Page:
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As she enters her ninth month of pregnancy, Maya Sokovic’s baby bump accentuates her lithe and physical stature.

Despite being in her 40s and expecting, Sokovic hasn’t slowed down at all as she practices her asanas before a yoga class.

“The whole philosophy of yoga is that it is not just about the physical part; rather, it is the balance of the mind and the body,” said Sokovic.

Acquainted with yoga longer than some of her students have been alive, Sokovic started learning yoga when she was 15 years old. Growing up in Serbia, she studied different styles of yoga for 25 years.

Sokovic has spent four years at UTSA teaching yoga to a variety of students and adults in her class at the Recreation Center. Sokovic teaches many aspects of yoga, including several asanas, or postures.

Asanas, a tenant critical to Sokovic’s yoga class, allows the students to focus on their posture while also improving balance, flexibility and strength.

“The mental part of yoga is often the hardest part because you’re bringing the mind and body to the same place,” Sokovic explains.

“It is really hard to reach a state of deep relaxation, because the mind is always working and always paying attention to everything that you think and do, so it’s hard to calm the mind and keep it quiet to accomplish ‘yoga sleep,’” which she explains as being between the stages of sleep and complete relaxation, similar to the REM stage of sleep.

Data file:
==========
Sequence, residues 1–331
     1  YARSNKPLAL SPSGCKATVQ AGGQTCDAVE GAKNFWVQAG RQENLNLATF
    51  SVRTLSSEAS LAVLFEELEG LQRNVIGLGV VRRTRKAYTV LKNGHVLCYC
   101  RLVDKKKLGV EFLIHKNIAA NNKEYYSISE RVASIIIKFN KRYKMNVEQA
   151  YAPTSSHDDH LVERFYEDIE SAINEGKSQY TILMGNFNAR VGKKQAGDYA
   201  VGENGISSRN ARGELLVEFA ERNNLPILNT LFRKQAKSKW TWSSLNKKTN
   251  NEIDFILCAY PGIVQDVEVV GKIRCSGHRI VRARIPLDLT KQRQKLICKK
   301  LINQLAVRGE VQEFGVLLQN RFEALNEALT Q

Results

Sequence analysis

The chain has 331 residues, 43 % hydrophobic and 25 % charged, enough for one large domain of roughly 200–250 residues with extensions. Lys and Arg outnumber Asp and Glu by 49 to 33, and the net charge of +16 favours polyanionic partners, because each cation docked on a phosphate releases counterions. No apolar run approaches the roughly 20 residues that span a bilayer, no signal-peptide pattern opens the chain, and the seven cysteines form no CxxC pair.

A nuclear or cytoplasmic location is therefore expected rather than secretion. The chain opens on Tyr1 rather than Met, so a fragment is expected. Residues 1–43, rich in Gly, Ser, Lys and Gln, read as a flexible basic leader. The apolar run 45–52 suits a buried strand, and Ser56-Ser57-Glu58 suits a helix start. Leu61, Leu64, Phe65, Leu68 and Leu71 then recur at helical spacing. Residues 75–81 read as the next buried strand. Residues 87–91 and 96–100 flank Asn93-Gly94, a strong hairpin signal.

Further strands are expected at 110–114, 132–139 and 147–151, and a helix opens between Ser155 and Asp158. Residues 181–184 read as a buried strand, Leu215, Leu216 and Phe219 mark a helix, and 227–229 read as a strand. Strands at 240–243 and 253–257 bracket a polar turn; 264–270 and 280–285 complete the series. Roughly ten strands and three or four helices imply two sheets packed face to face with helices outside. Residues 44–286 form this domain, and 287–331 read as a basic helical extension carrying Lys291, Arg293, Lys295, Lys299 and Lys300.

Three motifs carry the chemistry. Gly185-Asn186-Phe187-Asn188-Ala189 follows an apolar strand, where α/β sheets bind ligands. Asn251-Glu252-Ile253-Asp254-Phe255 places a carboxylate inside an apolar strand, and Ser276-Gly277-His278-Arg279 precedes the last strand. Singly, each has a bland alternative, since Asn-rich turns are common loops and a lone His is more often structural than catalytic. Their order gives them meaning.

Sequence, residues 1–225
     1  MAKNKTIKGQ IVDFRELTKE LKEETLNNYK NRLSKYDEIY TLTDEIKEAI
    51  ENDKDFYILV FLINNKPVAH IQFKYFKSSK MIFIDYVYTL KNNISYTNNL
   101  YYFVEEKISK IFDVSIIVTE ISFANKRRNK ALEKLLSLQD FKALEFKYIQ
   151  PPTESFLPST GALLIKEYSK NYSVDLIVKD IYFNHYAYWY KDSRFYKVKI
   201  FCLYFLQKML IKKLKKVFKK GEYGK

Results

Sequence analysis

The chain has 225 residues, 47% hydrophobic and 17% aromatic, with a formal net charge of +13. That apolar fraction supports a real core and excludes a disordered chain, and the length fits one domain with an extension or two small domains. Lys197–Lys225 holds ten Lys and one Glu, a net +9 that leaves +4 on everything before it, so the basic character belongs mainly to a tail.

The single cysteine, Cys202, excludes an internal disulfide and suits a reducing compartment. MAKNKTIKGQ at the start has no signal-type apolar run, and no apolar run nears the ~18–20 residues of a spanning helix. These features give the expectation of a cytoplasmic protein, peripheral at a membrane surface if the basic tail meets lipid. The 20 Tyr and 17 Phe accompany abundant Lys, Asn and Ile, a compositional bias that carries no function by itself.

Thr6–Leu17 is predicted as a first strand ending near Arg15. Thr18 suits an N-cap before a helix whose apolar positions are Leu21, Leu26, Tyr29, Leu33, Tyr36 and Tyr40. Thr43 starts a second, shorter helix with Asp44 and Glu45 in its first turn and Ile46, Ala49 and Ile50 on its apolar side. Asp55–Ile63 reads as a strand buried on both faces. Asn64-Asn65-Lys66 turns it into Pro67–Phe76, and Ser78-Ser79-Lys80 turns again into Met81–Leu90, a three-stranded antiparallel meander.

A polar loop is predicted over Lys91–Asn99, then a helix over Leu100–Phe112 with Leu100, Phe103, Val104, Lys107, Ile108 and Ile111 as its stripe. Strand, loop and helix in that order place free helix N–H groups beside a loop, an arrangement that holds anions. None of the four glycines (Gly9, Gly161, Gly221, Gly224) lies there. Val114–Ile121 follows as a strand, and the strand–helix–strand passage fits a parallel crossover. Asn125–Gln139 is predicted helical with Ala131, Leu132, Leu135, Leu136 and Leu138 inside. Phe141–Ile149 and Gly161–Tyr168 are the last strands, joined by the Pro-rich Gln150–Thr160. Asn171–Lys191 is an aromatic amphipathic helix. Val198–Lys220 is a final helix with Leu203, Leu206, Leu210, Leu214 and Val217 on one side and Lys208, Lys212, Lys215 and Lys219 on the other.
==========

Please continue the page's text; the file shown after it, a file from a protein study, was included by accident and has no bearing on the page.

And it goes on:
“There are so many styles of yoga out there today; yoga isn’t just one thing,” Sokovic explains.

“We aren’t aware of the ‘koshas,’ or layers of the body, until yoga helps us understand, and to be aware of, our body and our mind to achieve balance.”

In addition to teaching yoga classes at UTSA, Sokovic has her own studio called Yoga Arts San Antonio where she practices yoga therapy and teaches yoga, art and photography. She offers classes for beginners, such as “Hatha,” which is designed to open the many channels of the body and allows for free-flow energy throughout the body. She also teaches more advanced yoga practices such as restorative and power yoga.

“This is real yoga in a small group setting; it’s not just people dropping by,” Sokovic warns. “It’s for people who really want to have a deep practice.”

Along with teaching, Sokovic supports both local artists and new artists around San Antonio. Explaining how the creation of art often acts as meditation or therapy, Sokovic states, “we exhibit the art, then donate it to create a nice circle of helping people and supporting others to share what we have.”

Though the sight of a pregnant yoga instructor may distress some, Sokovic has assured her students that she is healthy and plans to go on maternity leave in October. Here’s to hoping that her baby boy will be born doing the “child’s pose.”

To attend one of Sokovic’s yoga classes at UTSA, check the Group Exercise schedule at the Recreational Center for class times at the Rec Center, or visit campusrec.utsa.edu for more information on times and location.To attend one of Sokovic’s yoga classes at UTSA, check the Group Exercise schedule at the Recreational Center for class times at the 1604 and downtown campuses, or visit campusrec.utsa.edu for more information on times and location.

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